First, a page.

Monday, March 07, 2016

"Capital has no particular interest in full employment; to maintain discipline among its workforce it needs an industrial reserve army. One can add that capital has no interest in productivity or growth per se either, as long as low growth and lagging productivity are accompanied by rising profits as a result of a declining wage share.
Given the current distribution of power under global capitalism, I see the possibility of a return to full employment only in regional niches privileged by a favorable resource endowment, including inherited productive institutions, and a good fit with the (changing) demands of global markets.
But even there the advance of robotics and artificial intelligence may make for a bad surprise among those who place their bet on serving as a new middle class of the global economy, performing its relatively well-paid managerial, engineering, and design jobs while the satanic mills of the factories of the Manchester era have long relocated to Bangladesh and other places.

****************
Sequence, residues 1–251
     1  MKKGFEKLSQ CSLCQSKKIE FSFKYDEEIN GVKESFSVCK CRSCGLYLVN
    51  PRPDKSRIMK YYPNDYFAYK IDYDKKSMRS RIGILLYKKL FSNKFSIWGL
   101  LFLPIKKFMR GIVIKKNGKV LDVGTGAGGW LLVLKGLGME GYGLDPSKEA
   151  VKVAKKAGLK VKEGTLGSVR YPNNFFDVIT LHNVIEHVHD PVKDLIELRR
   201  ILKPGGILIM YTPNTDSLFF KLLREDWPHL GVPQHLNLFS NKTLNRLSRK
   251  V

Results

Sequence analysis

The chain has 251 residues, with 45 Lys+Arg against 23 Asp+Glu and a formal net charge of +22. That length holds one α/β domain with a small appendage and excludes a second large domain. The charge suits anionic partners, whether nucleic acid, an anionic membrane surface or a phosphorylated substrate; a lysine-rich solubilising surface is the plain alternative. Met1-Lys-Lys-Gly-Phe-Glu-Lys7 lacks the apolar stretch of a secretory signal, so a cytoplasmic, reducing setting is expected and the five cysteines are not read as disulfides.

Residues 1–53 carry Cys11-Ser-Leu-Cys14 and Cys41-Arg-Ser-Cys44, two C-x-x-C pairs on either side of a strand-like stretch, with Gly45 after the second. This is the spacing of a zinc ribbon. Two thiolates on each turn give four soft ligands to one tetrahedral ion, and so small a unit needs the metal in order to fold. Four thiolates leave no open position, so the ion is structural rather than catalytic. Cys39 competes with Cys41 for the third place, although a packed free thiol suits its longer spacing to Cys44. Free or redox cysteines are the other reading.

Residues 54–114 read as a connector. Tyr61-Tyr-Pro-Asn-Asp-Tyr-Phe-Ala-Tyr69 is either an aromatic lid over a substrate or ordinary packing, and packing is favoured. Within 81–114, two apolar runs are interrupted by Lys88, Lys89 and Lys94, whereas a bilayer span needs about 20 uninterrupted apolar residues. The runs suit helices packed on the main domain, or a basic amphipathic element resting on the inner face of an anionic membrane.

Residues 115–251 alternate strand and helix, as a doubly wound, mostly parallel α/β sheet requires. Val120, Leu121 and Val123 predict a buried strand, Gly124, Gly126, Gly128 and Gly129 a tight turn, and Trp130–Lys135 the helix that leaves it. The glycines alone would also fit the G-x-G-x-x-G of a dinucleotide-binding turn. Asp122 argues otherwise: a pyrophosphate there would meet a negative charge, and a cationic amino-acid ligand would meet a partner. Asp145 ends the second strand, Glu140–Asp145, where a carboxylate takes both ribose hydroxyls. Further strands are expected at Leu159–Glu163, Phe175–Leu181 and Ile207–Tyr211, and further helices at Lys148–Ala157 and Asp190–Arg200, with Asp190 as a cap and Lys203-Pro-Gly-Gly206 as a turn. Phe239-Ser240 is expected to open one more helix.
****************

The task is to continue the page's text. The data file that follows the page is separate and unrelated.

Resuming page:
Moreover, "employment" as we know it may soon more or less disappear, displaced by new forms of precarious "self-employment." The historical illusion of postwar Keynesianism was the belief that what had in fact remained a capitalist economy had been converted into a politically neutral wealth-and-employment creation engine, ready to be operated by professional engineers called "economists."
Capital supported this illusion for fear of an anticapitalist backlash, but only for a while. In the 1970s, when it felt squeezed to the wall, it became fed up with social democracy and looked for a way out. This was when "the crisis" began, and "globalization" with it." 
— Wolfgang Streeck , a director at the Max Planck Institute for the Study of Societies in Cologne, Germany. His most recent book is Buying Time: The Delayed Crisis of Democratic Capitalism, published by Verso in 2014

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